By Shashank Kishore in Sylhet
Women’s World T20 defending champion has been well served by spinners, who are likely to test the plucky Irish side too
For a side whose last two global titles came in the subcontinent, the batting at the top of the order for Australia Women has been somewhat fragile. Delissa Kimmince, who is Ellyse Villani's replacement, didn't grab her opportunity against South Africa, while Alex Blackwell hasn't built on two starts. Two different opening combinations in as many games haven’t yielded the desired result, and the pressure to steer the innings has fallen on the lower middle order.
While it was pipped by nine runs against New Zealand, Australia found saviours in Ellyse Perry and Jess Cameron against South Africa, with the duo turning around a potentially tricky chase into a canter.
That the batters have had the luxury of biding their time has been due to the efforts of the spinners. Jess Jonassen and Erin Osborne have worked out a good pace to bowl at, and have ensured the runs have been kept down in the middle overs, making up for the patchy form of the two most promising pacers - Perry and Holly Ferling – who have looked a little undercooked on these tracks.
The presence of Lisa Sthalekar, who joined the team’s support staff on Tuesday as coaching assistant, will have a positive influence on the group. Sthalekar, who retired from international cricket after Australia's World Cup win last year, was among the best allrounders in the women’s game and will offer a wealth of experience to draw upon.
Ireland was vanquished on its World T20 debut, and while the 42-run margin may suggest otherwise, the team went down fighting against New Zealand Women. An evening that began with promise ended in disappointment, with nerves on the big stage also playing a part for Ireland.
To be fair, when a team is faced by the incandescent brilliance of Suzie Bates, one of the top batters in the women's game, there isn’t much it can do. Such was the ferocity of New Zealand's start that Ireland looked hesitant on the field. It's a challenge Ireland overcame at the World T20 qualifiers last year, but it quickly found that it wasn't the same at the highest level.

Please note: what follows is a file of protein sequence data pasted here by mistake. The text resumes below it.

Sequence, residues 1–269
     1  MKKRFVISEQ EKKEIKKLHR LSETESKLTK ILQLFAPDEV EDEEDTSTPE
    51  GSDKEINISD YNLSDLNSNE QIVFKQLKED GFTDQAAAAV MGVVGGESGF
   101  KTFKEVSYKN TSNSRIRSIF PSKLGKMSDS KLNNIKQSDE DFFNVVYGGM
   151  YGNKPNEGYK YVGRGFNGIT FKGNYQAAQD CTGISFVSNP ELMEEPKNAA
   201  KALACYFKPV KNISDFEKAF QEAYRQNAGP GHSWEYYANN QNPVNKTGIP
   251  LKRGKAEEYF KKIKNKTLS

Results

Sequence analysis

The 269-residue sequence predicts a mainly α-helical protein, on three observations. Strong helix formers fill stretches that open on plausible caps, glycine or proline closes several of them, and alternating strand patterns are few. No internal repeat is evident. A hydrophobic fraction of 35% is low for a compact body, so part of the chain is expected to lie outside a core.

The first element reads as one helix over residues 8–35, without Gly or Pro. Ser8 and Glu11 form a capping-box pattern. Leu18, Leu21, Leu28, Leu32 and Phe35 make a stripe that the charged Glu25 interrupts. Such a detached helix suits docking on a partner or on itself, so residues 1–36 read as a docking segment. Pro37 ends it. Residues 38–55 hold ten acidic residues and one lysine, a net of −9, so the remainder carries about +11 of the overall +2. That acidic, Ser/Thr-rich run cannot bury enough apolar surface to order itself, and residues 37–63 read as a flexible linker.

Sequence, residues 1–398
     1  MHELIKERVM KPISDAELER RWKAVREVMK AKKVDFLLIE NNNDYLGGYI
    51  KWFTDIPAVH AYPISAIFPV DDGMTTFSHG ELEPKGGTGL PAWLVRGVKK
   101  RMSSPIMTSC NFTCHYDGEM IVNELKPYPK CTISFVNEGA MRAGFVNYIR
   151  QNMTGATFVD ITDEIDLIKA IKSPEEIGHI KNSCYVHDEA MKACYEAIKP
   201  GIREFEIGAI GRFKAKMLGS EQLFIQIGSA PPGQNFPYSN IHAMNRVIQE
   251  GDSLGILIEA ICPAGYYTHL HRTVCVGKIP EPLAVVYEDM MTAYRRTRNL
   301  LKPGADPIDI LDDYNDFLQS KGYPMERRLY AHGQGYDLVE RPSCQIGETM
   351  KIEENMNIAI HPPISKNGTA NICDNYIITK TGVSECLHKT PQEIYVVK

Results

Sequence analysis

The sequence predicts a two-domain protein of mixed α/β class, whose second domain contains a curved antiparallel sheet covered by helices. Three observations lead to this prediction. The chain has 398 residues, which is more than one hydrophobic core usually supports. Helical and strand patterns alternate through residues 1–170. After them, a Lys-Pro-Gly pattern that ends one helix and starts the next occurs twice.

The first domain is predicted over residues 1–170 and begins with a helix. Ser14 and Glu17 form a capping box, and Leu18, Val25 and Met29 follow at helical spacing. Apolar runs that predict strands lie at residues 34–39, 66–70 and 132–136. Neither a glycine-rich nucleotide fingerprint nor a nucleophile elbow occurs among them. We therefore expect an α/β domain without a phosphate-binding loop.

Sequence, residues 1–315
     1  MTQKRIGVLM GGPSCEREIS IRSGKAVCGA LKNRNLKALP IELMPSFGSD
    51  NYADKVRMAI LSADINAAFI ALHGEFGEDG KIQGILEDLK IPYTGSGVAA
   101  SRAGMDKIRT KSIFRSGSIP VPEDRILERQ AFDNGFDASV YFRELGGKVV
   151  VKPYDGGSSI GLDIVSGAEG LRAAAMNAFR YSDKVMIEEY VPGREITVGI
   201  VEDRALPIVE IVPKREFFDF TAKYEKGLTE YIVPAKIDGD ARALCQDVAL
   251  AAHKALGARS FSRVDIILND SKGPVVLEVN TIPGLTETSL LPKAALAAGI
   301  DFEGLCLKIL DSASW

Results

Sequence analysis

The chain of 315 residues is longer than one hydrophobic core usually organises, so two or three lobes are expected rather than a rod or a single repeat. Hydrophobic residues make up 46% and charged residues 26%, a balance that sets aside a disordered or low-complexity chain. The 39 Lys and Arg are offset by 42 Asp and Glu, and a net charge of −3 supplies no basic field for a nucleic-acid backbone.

If the team has to give itself a chance, the onus will once again be on the batters. Clare Shillington and Isobel Joyce, the captain, approached the chase against New Zealand with a sense of purpose, and as Ireland lost wickets, the batters tried to ensure they at least got as close as possible to the target. Cecelia, Isobel's twin sister, brought out the innovative streak in her. But for Ireland to compete, it can't just rely on just one or two individuals.
When Isobel spoke about the need to take over from the men's team who crashed out despite dominating most parts of the group stages, one could gather the sense of pride the side associated itself with. After all, a chance to shine on the big stage has taken quite a while in coming for Isobel, who first started playing at the age of 16 in 2000.
For a small country with a tiny pool, getting this far is an achievement in itself. If it can play well enough to make the defending champion sweat, it will already count as a job well done.
Australia: Meg Lanning (capt), Alex Blackwell, Alyssa Healy (wk), Nicole Bolton, Jess Cameron, Sarah Coyte, Rene Farrell, Holly Ferling, Ellyse Perry, Julie Hunter, Jess Jonassen, Beth Mooney, Delissa Kimmince.
Ireland: Laura Delany, Emma Flanagan, Isobel Joyce (capt), Mary Waldron (wk) Amy Kenealy, Jennifer Gray, Cecelia Joyce, Louise McCarthy, Kate McKenna, Lucy O’Reilly, Eimear Richardson, Rebecca Rolfe, Melissa Scott-Hayward, Clare Shillington, Elena Tice.